Published Dec 23, 2010Almost 40 years after the New York-based quartet kick-started a fresh genre of music, influenced countless musicians and created some of the most memorable pop-based tunes imaginable, punk rock forefathers the Ramones have been cited as recipients of a lifetime achievement award at the 53rd Annual Grammy Awards.
Honoured for their enduring impact on the world of music alongside fellow notables including Canadian George Beverly Shea and country singer Dolly Parton, the band are slated to be graced with the distinction during a special pre-televised ceremony on February 12, as Billboard reports.
Given to "performers who, during their lifetimes, have made creative contributions of outstanding artistic significance to the field of recording," this is the first time a punk act will be inducted into the category.
While it is not known exactly who will be present for the event, sad reality is that drummer Tommy Erdelyi is the sole surviving member from the band's original lineup. Vocalist Joey Hyman, guitarist John Cummings and bassist Douglas Colvin passed away in 2001, 2002 and 2004, respectively. Surviving member and longtime Erdelyi successor Marc Bell will presumably be a part of the ceremony given his enduring role in the band. No word has been given on if drummer Richard Reinhardt (1983-1987) and bassist C.J. Ward (1989-1996) will participate.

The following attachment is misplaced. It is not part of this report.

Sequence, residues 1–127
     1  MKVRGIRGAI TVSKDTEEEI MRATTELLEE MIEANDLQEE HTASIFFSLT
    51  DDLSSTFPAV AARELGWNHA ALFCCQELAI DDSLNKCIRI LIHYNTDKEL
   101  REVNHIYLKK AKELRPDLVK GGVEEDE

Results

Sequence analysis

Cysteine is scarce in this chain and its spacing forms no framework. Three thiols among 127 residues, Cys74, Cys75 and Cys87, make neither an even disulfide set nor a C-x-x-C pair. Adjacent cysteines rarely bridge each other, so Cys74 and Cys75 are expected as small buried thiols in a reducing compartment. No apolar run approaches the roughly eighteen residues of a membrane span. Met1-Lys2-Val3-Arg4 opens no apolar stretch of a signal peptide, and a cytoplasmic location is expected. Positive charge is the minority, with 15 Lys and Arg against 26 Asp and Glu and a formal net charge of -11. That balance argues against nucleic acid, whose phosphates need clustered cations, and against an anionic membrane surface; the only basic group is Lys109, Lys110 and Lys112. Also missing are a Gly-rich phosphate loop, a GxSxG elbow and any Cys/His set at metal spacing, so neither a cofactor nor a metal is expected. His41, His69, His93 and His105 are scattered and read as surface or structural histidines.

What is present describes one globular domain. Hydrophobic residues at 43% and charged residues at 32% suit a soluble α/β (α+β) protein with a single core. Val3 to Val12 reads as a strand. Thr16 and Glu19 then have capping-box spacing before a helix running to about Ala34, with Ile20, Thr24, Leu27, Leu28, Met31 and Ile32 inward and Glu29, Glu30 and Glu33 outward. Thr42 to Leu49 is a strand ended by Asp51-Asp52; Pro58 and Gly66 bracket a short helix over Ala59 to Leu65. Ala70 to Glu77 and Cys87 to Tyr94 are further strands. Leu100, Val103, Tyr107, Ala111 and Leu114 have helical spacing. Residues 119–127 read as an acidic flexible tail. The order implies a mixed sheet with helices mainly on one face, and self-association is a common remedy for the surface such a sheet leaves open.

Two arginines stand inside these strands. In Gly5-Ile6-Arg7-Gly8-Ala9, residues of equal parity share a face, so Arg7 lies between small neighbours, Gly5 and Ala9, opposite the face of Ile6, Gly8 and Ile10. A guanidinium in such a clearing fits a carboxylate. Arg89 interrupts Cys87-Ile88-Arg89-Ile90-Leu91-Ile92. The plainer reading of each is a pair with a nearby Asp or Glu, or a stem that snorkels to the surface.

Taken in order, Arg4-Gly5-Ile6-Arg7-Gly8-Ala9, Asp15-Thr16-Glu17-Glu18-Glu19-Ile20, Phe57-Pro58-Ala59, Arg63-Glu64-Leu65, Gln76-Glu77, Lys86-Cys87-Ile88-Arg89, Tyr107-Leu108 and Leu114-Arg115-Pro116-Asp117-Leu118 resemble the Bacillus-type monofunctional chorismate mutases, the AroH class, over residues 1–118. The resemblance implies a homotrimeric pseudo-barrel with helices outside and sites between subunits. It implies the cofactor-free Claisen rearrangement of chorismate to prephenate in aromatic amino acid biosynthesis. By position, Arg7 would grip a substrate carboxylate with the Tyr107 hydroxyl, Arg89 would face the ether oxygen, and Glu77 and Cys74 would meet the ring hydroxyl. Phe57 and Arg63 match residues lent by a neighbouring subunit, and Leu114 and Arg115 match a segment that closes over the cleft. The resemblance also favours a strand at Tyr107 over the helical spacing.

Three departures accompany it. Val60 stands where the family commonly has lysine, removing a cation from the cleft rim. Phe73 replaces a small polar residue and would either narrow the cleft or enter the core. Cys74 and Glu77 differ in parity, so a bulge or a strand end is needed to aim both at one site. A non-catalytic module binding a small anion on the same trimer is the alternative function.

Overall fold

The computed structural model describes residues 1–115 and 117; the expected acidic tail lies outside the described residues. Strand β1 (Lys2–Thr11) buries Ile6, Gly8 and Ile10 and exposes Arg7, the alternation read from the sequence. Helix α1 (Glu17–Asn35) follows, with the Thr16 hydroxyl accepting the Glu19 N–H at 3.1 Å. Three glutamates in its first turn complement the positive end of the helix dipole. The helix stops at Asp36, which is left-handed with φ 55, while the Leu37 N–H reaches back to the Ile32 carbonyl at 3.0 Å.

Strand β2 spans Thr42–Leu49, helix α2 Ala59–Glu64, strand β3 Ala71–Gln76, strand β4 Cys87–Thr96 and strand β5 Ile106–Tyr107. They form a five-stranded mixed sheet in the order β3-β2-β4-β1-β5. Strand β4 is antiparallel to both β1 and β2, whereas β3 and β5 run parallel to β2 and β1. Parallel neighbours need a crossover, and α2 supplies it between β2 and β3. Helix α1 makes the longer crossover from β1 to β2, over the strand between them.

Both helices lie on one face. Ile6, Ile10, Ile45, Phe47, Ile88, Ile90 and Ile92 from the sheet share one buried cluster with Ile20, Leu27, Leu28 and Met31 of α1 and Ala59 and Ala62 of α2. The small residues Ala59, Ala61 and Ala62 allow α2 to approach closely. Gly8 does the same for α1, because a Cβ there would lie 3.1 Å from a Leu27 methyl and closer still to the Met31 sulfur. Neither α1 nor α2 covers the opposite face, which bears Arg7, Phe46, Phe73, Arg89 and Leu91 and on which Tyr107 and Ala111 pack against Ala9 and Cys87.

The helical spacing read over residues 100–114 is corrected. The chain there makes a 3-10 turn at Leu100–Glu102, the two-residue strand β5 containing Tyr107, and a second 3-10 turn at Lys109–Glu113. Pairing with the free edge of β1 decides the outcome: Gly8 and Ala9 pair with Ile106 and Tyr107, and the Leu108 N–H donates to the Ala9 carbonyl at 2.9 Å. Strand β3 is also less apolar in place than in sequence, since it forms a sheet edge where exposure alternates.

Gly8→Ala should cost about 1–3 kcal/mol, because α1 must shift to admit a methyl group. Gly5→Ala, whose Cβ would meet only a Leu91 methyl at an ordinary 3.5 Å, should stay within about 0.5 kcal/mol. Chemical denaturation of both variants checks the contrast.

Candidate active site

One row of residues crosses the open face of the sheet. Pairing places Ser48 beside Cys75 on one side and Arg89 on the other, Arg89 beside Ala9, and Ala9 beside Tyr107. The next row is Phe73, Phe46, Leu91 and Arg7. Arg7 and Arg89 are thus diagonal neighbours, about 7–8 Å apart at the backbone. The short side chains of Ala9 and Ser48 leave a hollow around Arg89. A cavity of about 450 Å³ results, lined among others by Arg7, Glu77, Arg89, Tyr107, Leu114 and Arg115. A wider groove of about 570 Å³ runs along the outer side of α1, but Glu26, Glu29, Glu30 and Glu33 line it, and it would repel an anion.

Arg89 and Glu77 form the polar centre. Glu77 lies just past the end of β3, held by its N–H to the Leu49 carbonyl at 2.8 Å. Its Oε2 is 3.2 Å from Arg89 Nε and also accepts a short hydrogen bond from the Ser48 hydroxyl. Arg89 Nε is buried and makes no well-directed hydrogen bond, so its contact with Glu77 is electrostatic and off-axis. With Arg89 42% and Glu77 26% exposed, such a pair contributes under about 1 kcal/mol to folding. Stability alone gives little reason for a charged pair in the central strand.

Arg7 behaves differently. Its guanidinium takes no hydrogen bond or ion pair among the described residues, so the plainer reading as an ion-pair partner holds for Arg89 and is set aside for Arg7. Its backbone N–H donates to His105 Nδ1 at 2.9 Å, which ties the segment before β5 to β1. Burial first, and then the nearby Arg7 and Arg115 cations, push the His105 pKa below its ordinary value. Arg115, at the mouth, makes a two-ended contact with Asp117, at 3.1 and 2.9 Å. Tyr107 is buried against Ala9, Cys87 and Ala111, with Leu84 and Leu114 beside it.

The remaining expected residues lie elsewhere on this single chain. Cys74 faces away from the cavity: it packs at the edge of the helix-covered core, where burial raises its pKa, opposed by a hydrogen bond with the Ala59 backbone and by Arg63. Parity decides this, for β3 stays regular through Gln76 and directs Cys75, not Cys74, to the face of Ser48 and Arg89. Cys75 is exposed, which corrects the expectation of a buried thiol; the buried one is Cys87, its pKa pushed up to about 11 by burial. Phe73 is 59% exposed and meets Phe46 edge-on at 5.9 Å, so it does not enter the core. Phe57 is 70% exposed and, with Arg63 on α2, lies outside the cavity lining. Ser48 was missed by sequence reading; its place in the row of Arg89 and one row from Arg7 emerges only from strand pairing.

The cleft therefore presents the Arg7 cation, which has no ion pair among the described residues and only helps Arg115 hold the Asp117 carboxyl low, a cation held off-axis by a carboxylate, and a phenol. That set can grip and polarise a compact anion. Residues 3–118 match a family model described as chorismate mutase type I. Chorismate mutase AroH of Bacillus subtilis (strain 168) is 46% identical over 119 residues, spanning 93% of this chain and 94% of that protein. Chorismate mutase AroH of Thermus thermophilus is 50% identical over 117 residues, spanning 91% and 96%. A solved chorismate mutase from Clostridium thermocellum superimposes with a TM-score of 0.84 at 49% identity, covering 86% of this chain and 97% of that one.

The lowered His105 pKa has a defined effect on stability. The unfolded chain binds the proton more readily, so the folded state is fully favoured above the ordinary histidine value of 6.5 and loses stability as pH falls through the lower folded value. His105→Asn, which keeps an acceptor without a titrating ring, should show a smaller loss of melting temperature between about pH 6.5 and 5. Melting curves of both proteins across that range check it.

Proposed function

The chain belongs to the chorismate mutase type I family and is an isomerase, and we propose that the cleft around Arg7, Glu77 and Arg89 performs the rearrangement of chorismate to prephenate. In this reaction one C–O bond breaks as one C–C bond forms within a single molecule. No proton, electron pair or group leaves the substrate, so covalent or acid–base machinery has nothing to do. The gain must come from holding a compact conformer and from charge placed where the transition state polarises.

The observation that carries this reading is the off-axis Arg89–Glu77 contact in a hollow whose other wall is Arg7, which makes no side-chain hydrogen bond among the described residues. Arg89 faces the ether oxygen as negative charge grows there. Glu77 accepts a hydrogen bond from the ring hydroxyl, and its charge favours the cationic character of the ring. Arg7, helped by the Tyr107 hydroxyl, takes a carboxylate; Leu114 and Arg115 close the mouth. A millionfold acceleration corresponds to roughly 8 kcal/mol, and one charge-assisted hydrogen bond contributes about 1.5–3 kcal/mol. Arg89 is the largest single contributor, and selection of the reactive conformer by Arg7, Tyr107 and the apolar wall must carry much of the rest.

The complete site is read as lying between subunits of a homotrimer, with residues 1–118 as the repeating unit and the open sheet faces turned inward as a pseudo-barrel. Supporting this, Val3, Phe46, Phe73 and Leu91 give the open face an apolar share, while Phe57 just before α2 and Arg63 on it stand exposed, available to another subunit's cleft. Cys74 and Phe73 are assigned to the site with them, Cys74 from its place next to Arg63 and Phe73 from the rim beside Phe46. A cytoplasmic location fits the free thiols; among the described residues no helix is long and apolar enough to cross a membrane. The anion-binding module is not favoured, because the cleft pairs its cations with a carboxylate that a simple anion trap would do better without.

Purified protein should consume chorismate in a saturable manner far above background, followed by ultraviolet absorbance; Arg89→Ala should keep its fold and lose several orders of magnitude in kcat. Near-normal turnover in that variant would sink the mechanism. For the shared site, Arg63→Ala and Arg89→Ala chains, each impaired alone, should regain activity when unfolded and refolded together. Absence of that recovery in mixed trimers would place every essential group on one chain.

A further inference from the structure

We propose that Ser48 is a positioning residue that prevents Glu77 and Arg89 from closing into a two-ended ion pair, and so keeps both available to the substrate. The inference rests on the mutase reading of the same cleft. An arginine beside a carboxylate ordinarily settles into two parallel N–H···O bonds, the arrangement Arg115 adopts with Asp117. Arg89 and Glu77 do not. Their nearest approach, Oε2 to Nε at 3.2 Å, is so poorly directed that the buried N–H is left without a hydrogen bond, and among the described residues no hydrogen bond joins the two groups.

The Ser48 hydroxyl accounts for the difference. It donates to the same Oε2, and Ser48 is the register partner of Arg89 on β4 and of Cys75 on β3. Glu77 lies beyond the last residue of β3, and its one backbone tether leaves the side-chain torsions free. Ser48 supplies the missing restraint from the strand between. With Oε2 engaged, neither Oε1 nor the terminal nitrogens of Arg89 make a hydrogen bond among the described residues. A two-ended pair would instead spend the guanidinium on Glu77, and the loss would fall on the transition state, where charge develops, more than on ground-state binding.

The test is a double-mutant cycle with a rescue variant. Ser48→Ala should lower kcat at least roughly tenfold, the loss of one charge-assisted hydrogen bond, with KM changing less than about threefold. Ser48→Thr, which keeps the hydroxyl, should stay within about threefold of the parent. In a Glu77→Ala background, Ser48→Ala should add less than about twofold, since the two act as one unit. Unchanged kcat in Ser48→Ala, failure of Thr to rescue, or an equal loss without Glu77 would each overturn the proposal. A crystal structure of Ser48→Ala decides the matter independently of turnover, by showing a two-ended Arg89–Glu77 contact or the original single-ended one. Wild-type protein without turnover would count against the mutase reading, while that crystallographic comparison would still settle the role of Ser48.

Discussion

As an amusing anecdote about the typicality of the born-to-lose aura that haunted the Ramones for their duration, they are the only act to have never received a Grammy despite being graced with a Lifetime Achievement distinction. A similar situation arose when they were inducted into the Rock and Roll Hall of Fame in 2002, a full six years after they had disbanded.
Moreover, out of 14 studio albums, a number of live releases and singles in their 22 years together, the only release to attain major sales status was 1988 compilation Ramonesmania. It was certified gold by the RIAA after selling 500,000 copies.
The last Ramones show on August 6, 1996: